Posted in Op-eds | Also tagged and | 38 Comments

York’s best pubs for Conference attendees

Nick Love, the former Parliamentary candidate for York Central, has put together an indispensable guide to the best watering holes in York.

You can download his recommendations and a useful map:

York Pubs for Lib Dem Conference 2016

York A-Z Pubs Map

 

 

 

 

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My personal thoughts on Motion F7

I have lived with my grandparents all my life and as a result, especially since 2005 as I have been their registered carer, I have moved wherever and whenever they have moved and this means that since I became a Liberal Democrat in 1992, I have been all over the place.

However, there is one small downside to this and that is being able to get to big Lib Dem events. In those 24 years I have only managed to attend one regional conference, three Welsh conferences and no federal conferences or special conferences, which brings me to the reason for this (as the Americans would say) op-ed: Motion F7 at the conference in York discussing the paper launched a few days ago entitled “A Framework for a Regulated Market for Cannabis in the United Kingdom“.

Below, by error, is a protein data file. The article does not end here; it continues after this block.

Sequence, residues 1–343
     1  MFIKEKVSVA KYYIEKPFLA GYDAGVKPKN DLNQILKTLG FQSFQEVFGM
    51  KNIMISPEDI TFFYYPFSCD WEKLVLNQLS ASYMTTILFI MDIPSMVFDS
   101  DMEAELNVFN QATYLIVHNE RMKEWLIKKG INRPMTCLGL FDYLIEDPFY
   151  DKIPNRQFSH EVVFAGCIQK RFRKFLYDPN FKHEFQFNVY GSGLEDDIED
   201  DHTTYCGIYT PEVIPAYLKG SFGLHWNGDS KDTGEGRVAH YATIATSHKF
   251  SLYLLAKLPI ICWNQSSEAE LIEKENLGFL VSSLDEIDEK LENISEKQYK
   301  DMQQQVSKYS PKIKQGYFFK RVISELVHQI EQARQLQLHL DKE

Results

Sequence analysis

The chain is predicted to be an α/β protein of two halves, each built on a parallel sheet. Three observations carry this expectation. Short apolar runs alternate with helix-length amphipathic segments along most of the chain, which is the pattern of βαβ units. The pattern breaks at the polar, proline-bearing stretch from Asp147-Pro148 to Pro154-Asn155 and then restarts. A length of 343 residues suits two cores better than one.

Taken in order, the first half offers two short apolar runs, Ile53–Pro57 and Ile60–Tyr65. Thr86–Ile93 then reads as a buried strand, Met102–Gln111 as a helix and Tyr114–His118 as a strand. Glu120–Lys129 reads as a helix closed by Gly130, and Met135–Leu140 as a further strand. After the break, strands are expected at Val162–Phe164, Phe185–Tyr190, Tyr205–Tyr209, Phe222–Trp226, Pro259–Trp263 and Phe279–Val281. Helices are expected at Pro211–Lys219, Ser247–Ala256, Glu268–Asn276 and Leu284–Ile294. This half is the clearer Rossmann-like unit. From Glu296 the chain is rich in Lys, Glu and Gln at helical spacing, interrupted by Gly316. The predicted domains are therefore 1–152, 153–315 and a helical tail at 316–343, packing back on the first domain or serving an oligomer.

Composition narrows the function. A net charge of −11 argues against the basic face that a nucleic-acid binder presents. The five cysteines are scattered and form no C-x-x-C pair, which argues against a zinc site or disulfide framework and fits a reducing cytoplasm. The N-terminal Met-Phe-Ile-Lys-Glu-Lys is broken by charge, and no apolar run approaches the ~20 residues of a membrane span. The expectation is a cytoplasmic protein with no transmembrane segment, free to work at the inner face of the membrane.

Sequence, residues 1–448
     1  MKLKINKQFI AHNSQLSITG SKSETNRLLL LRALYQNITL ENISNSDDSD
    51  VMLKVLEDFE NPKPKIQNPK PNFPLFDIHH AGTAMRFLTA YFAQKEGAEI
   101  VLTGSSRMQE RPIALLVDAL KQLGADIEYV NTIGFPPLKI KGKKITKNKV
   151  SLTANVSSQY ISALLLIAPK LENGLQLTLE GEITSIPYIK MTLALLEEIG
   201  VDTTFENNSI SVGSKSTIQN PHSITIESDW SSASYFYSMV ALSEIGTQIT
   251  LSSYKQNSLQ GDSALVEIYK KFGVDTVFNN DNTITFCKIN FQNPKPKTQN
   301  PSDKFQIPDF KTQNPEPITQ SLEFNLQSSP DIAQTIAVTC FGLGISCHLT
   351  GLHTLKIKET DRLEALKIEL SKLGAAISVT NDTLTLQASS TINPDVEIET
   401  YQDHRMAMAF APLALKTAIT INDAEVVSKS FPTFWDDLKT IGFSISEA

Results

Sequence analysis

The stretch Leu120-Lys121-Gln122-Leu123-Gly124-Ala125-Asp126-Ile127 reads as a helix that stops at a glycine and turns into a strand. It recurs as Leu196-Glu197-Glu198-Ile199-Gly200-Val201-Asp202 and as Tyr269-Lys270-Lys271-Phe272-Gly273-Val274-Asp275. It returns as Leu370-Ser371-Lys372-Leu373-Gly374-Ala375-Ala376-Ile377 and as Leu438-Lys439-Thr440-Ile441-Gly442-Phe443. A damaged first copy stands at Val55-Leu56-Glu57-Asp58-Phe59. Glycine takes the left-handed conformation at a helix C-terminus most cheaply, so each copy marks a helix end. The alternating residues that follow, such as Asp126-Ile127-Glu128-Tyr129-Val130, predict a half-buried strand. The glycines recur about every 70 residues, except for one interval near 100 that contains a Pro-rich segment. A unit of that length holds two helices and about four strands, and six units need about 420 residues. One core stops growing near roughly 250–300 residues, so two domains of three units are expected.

Now, let me make this clear from the get go, having read the report I agree with a large number of things. For instance, “Each year, criminal gangs generate billions of pounds from the illegal drug trade – money which in turn funds organised crime. And each year thousands of people receive convictions for drug possession which will harm their education and employment prospects for the rest of their lives” is absolutely true.  Similarly “Liberal Democrats argue that we need an evidence based approach to drugs law, one which is based on independent and scientific advice, rather than fear and prejudice” is a statement I think we can all agree on.

However, I have to draw the line at the conclusion of the report that cannabis should be legalised and distributed via dedicated retail outlets, social clubs and via home growing.

Posted in Op-eds | Also tagged | 9 Comments

The Liberal Democrats have a diversity problem